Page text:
Building on Friday’s blog, everyone is asking whether the house of crypto is falling apart like a house of cards. People are saying that Sam Bankman-Fried, the founder and faller at FTX, was running a Ponzi scheme.
What is the definition of a Ponzi scheme?
According to the Oxford Dictionary, it is “a form of fraud in which belief in the success of a non-existent enterprise is fostered by the payment of quick returns to the first investors from money invested by later investors”; and is named after Charles Ponzi, who carried out such a fraud in the 1900s.
So how can cryptocurrencies be frauds (ed: and how come I haven’t mentioned Bernie Madeoff, pun intended)?
Well, let’s get back to basics, and the core of all financial markets is belief. The more who believe in the value of something, the more valuable that something becomes. A good example are diamonds. Diamonds have zero value. It is purely marketing that makes us believe they are desirable.
“Diamonds are intrinsically worthless”, former De Beers Chairman, Nicky Oppenheimer
But then, as Rare Carat explains:
For gem-quality diamonds that you put in rings, the value comes from the value we assign to them as a society. On a deserted island, a gem diamond is not going to do you much good, but neither is a bar of gold, a pile of cash, or a Picasso painting. However, we know these objects have value because we collectively believe they have value. So unless you live on a deserted island isolated from society, diamonds do have value, even if it is assigned by us.
So things are only valuable if you believe they are valuable, which brings us back to crypto.
When Terra-Luna collapsed back in May, a house of cards began to fall. The first knock-on effect was Celsius, a bankrupt cryptocurrency lending company. Then we have the fintech explosion caused by FTX, a bankrupt cryptocurrency exchange. And now it looks like FTX is rapidly being followed by Genesis, another cryptocurrency lending company.
People are wondering if this is the end of cryptocurrency and bitcoin but, as The Economist points out:
To take out crypto entirely would require killing the underlying blockchain layers. They could either give way first, kicking the stool out from underneath everything else. Or the industry could unravel from the top down, layer by layer like a knitted scarf.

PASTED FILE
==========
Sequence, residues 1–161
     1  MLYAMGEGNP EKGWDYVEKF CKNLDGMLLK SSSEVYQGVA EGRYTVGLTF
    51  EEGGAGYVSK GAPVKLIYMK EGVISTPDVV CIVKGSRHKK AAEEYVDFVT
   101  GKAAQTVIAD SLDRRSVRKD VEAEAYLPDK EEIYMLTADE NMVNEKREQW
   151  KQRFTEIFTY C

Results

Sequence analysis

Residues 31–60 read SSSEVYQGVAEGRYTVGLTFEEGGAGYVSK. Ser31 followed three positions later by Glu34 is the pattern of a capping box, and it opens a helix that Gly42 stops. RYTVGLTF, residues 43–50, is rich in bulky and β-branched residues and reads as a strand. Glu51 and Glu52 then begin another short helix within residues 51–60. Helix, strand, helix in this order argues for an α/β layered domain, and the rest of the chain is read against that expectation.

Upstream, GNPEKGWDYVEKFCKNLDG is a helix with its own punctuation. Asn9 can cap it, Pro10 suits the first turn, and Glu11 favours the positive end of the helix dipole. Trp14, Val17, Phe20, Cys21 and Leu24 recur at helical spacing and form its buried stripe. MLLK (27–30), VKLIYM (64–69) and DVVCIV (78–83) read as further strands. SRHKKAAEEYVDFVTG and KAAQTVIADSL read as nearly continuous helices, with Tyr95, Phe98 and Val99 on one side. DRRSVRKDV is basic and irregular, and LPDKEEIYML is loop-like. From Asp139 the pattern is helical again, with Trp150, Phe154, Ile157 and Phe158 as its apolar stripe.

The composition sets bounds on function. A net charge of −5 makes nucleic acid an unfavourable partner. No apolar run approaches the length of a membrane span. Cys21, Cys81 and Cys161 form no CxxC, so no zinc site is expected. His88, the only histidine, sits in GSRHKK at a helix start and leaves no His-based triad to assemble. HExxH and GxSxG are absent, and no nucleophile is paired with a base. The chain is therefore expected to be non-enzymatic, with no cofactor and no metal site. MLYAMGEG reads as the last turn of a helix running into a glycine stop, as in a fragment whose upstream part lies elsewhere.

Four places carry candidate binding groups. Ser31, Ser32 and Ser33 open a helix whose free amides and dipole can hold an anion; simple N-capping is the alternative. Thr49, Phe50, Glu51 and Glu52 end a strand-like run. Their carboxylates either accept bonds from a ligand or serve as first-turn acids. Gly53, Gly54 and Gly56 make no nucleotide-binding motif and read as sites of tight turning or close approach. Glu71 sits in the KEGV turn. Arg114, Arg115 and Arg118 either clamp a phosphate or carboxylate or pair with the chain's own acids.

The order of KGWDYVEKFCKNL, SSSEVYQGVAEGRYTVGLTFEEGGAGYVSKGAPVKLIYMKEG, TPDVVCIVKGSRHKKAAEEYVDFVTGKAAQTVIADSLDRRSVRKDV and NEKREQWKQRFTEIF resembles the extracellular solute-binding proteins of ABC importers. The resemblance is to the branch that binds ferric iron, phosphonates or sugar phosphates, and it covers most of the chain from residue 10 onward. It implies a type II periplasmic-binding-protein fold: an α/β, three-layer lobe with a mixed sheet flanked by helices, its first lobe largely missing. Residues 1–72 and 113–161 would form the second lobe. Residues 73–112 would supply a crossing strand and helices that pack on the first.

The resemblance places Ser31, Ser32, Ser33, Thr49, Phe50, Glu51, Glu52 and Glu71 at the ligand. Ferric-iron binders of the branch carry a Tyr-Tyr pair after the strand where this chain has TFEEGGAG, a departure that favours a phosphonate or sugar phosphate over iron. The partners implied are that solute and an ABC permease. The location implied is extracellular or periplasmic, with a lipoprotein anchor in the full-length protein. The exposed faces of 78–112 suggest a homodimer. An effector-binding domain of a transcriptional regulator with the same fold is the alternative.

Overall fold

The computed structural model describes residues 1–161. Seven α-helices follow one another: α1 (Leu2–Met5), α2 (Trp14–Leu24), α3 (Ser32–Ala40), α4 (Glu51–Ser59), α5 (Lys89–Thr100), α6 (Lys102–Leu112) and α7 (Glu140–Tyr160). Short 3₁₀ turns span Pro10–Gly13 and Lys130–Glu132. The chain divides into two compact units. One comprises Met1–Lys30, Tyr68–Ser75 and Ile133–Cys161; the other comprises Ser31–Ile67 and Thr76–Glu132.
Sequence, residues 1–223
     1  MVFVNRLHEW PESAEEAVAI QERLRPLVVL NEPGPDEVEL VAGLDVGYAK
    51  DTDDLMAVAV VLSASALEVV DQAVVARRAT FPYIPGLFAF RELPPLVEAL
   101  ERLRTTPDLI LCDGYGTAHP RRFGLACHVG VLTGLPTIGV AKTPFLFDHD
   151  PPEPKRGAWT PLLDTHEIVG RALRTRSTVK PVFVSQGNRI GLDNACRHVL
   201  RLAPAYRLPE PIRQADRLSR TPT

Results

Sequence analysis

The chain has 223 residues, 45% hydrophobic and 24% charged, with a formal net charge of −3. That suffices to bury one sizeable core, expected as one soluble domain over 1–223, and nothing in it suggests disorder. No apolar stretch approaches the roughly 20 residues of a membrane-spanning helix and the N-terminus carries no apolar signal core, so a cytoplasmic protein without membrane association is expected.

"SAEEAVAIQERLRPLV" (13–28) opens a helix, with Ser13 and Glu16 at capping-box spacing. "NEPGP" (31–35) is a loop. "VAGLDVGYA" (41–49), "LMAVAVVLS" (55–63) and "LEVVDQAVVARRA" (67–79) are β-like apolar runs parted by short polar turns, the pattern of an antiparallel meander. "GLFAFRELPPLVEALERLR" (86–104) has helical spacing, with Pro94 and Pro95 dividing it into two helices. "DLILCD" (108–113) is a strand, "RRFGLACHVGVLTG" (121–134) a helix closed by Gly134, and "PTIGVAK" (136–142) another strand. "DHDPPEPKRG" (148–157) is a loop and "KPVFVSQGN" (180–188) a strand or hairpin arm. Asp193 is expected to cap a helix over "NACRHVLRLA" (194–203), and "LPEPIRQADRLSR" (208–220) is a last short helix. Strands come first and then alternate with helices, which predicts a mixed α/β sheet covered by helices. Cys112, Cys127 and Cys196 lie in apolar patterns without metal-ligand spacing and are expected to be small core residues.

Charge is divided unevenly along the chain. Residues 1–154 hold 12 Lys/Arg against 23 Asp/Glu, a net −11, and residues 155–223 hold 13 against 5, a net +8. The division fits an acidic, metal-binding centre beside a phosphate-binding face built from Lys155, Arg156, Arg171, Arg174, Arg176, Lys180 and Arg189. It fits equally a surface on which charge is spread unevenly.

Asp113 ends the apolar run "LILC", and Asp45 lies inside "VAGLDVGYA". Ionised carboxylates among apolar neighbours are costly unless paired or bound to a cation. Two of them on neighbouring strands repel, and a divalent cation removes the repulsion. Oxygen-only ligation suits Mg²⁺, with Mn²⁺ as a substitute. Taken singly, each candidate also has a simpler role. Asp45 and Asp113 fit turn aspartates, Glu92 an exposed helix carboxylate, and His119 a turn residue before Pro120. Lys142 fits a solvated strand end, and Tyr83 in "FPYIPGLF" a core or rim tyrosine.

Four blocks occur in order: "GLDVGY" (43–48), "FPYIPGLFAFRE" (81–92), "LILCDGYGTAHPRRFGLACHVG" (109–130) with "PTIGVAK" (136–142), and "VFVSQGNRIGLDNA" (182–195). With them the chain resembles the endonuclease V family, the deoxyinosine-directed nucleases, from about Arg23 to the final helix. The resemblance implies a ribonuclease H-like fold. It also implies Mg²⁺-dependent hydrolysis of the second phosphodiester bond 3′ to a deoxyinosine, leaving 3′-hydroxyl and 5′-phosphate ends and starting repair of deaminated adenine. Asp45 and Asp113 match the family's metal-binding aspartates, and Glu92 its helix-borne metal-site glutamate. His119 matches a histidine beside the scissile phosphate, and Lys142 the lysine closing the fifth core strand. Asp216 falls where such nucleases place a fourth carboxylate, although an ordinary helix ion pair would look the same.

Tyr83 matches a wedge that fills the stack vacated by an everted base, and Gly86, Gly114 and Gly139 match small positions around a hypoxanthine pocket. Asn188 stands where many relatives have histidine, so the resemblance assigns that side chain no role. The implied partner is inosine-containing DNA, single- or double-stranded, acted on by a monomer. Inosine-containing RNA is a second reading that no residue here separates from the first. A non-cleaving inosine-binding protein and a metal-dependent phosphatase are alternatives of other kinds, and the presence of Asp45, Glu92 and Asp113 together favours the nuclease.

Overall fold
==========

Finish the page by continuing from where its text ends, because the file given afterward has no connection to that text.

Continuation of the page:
What’s happening at the moment is the unravelling of the froth on top of blockchain structures, which have foundations in bitcoin and Ethereum. However, those foundations have some very useful basics and use cases, such as the use of smart contracts and decentralised finance. Therefore, for me, the idea that the whole house of cards could unravel is not feasible. Nevertheless, the belief in cryptocurrencies has taken a big knock due to the unravelling of the froth on top: Terra-Luna, Celsius, FTX and Genesis.
Meanwhile, going back to the Ponzi reference, a Ponzi scheme is only a Ponzi scheme if you are using customer funds to re-invest in pumping the value of your fund. That’s the mistake that Sam Bankman-Fried (FTX) and Do Kwon (Terra Luna) made. The fact that the billions lost by these individuals has not resulted in law suits and jail is surprising, to say the least. But then maybe it will.
“Whenever you have a business that fails, as the facts emerge, there are typically lessons learned that can inform other companies in that industry, as well as the broader public, about where risks lie and how similar risks could be avoided in the future,” Deborah Meshulam, a partner at D.L.A. Piper and a former official with the Securities and Exchange Commission, said. “We’re in very early days.”
Meantime, going back to the start, was FTX and its brethren a Ponzi scheme or just a creation of businesses that people believed in? To be honest, both are one and the same and, if you argue things this way, you could claim that the US dollar, Euro and Yuan are Ponzi schemes. You only believe in them whilst others believe in them. If you don’t accept that statement, just take a look at the Zimbabwe dollar.
Oh, and a Ponzi scheme only falls apart when you find it is a house of cards.
Image from The Washington Post
I've given a few examples above but the full list is a lot, lot longer, as The Financial Times notes.
Chris M Skinner
Chris Skinner is best known as an independent commentator on the financial markets through his blog, TheFinanser.com, as author of the bestselling book Digital Bank, and Chair of the European networking forum the Financial Services Club. He has been voted one of the most influential people in banking by The Financial Brand (as well as one of the best blogs), a FinTech Titan (Next Bank), one of the Fintech Leaders you need to follow (City AM, Deluxe and Jax Finance), as well as one of the Top 40 most influential people in financial technology by the Wall Street Journal's Financial News. To learn more click here...